websize.Jablonski_author.picNina G. Jablonski is Evan Pugh Professor of Anthropology at The Pennsylvania State University.  A biological anthropologist and paleobiologist, she studies the evolution of adaptations to the environment in Old World primates including humans.

Her research program is focused in two major areas.  Her paleoanthropological research concerns the evolutionary history of Old World monkeys, and currently includes an active field project in China.  Her research on the evolution of human adaptations to the environment centers on the evolution of human skin and skin pigmentation, and includes an active field project examining the relationship between skin pigmentation and vitamin D production.

Jablonski is currently collaborating on the development of new approaches to science education in the United States.  These approaches have the dual aims of improving the understanding of evolution and human diversity, and stimulating interest among students in pursuing STEM courses and careers.  With the support of NESCent (the National Evolutionary Synthesis Center) and active collaboration of Henry Louis Gates, Jr., she is leading a group of 30 scholars in the development of “genetics and genealogy” curricula for K-12 and undergraduate university students.

Jablonski also leads a major new scholarly initiative aimed at studying the effects of race in South African society.  With the support of the STIAS (the Stellenbosch Institute for Advanced Study), she is the convener of the “Effects of Race” (EOR) program, which will bring together a select group of senior and junior scholars yearly to formulate new approaches to the study of race and the mitigation of racial discrimination.  Read more about EOR here.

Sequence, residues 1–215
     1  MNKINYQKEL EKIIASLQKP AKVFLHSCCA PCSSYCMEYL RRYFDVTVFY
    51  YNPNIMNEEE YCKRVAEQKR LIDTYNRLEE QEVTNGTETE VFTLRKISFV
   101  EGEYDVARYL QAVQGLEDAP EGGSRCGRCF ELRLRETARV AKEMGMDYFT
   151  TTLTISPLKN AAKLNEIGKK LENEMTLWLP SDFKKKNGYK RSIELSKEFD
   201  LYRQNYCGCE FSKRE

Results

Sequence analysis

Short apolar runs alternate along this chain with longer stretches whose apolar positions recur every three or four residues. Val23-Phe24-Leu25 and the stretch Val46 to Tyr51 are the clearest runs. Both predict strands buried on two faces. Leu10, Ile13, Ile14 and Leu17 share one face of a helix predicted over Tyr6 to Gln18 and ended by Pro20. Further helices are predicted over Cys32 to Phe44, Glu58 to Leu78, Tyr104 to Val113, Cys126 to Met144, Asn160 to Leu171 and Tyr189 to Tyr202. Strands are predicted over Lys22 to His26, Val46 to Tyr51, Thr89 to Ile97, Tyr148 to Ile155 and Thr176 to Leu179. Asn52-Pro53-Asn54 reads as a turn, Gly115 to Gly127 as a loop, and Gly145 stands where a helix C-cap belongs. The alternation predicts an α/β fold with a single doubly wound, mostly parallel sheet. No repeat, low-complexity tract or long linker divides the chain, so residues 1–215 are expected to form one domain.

To learn about Jablonski, visit her faculty website or download her current CV: Jablonski.webCV.June.2014

Recent News

(please email tmw119@psu.edu for reprint requests)

The Site of Shuitangba (Yunnan, China) Preserves a Unique Terminal Miocene Fauna

Nina Jablonski named Permanent Visiting Fellow at STIAS

Skin Cancer Was Not a Potent Selective Force in the Evolution of the Protective Pigmentation in Early Hominins

The Dark Side of Fair Skin

New Diet, Sexual Attraction May Have Spurred Europeans’ Lighter Skin

Skin Cancer is Not the Main Reason for Darker Pigmentation

2014 AAAS Session on Neoracism

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